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Distribution of Organochlorine Pollutants in Atlantic Sea Turtles
Mary J. Rybitski, Robert C. Hale and John A. Musick
Vol. 1995, No. 2 (May 3, 1995), pp. 379-390
Stable URL: http://www.jstor.org/stable/1446901
Page Count: 12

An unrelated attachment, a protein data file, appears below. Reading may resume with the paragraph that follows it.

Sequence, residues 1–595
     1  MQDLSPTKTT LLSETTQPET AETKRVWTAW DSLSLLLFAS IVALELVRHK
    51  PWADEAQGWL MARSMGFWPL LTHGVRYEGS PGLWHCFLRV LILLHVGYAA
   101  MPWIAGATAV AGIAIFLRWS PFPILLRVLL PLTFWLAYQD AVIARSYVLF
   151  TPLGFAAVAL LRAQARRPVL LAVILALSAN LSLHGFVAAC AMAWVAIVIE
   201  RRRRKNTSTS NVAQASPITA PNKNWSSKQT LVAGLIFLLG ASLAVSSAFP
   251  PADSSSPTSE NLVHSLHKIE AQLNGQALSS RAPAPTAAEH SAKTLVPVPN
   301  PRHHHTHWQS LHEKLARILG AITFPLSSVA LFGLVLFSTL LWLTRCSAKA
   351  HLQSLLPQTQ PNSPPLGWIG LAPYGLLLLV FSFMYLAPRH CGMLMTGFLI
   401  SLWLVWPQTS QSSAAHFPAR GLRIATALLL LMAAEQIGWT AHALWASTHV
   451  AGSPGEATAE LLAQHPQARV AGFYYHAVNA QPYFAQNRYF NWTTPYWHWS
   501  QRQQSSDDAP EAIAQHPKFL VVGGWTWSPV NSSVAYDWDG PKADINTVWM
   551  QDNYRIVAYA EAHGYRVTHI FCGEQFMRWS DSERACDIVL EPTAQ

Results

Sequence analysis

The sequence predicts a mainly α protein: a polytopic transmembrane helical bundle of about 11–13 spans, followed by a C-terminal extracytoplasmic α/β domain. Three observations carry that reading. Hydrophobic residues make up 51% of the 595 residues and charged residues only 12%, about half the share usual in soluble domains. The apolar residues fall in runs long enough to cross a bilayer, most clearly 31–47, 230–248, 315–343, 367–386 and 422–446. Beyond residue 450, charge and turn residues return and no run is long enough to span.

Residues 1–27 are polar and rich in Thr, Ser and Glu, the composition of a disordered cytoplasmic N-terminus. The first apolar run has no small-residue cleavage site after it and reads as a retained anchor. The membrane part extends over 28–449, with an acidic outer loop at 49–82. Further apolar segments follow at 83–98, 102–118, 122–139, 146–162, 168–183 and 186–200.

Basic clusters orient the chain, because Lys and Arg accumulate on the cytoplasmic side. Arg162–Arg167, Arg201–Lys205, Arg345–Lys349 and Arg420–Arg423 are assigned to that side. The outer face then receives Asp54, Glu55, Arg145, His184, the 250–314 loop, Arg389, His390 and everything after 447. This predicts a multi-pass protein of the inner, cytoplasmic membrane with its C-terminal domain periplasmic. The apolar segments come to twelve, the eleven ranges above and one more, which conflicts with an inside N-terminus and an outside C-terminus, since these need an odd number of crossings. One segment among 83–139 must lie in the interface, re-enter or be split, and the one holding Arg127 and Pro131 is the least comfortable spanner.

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Tissues from juvenile loggerhead (Caretta caretta) and Kemp's ridley (Lepidochelys kempi) turtles stranded in Virginia and North Carolina were analyzed by capillary gas chromatography to determine concentrations of organochlorine pollutants. The predominant organochlorines were polychlorinated biphenyls (PCBs), DDT and its breakdown products, DDE and DDD. Organochlorine concentrations were related to tissue type and relative lipid content. Subcutaneous fat had the highest lipid content (mean = 49.3% wet mass, SD = 19.1) and organochlorine concentrations (mean = 252 μg/kg, SD = 196), followed by liver, kidney, and pectoral muscle. Subsequent analyses of subcutaneous fat and liver from Atlantic loggerheads and Kemp's ridleys yielded a range of organochlorine contaminant concentrations of 55.4-1730 μg/kg and 7.46-607 μg/kg, respectively. Five congener groups accounted for a mean of 66.0% of the total PCBs in the liver (SD = 15.9). A similar pattern was seen in the subcutaneous fat. Congener #153/132 (IUPAC nomenclature) was the major congener group present, followed by #138/158, #180, #118, and #187. Selected sea turtle tissues were extracted using a modified Bligh and Dyer procedure, and lipid classes were examined. Subcutaneous fat contained the highest proportion of triglycerides, followed by liver and pectoral muscle. This pattern corresponds to the pattern of organochlorine accumulation.